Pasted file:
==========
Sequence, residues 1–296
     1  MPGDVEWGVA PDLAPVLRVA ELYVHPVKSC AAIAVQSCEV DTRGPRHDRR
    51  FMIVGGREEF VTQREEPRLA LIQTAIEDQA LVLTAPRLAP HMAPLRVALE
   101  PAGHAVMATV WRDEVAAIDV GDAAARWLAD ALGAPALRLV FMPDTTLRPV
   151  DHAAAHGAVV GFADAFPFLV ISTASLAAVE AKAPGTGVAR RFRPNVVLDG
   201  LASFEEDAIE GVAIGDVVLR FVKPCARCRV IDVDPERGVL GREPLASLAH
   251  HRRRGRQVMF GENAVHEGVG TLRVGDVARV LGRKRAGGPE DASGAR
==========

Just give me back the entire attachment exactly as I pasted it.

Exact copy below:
Sequence, residues 1–296
     1  MPGDVEWGVA PDLAPVLRVA ELYVHPVKSC AAIAVQSCEV DTRGPRHDRR
    51  FMIVGGREEF VTQREEPRLA LIQTAIEDQA LVLTAPRLAP HMAPLRVALE
   101  PAGHAVMATV WRDEVAAIDV GDAAARWLAD ALGAPALRLV FMPDTTLRPV
   151  DHAAAHGAVV GFADAFPFLV ISTASLAAVE AKAPGTGVAR RFRPNVVLDG
   201  LASFEEDAIE GVAIGDVVLR FVKPCARCRV IDVDPERGVL GREPLASLAH
   251  HRRRGRQVMF GENAVHEGVG TLRVGDVARV LGRKRAGGPE DASGAR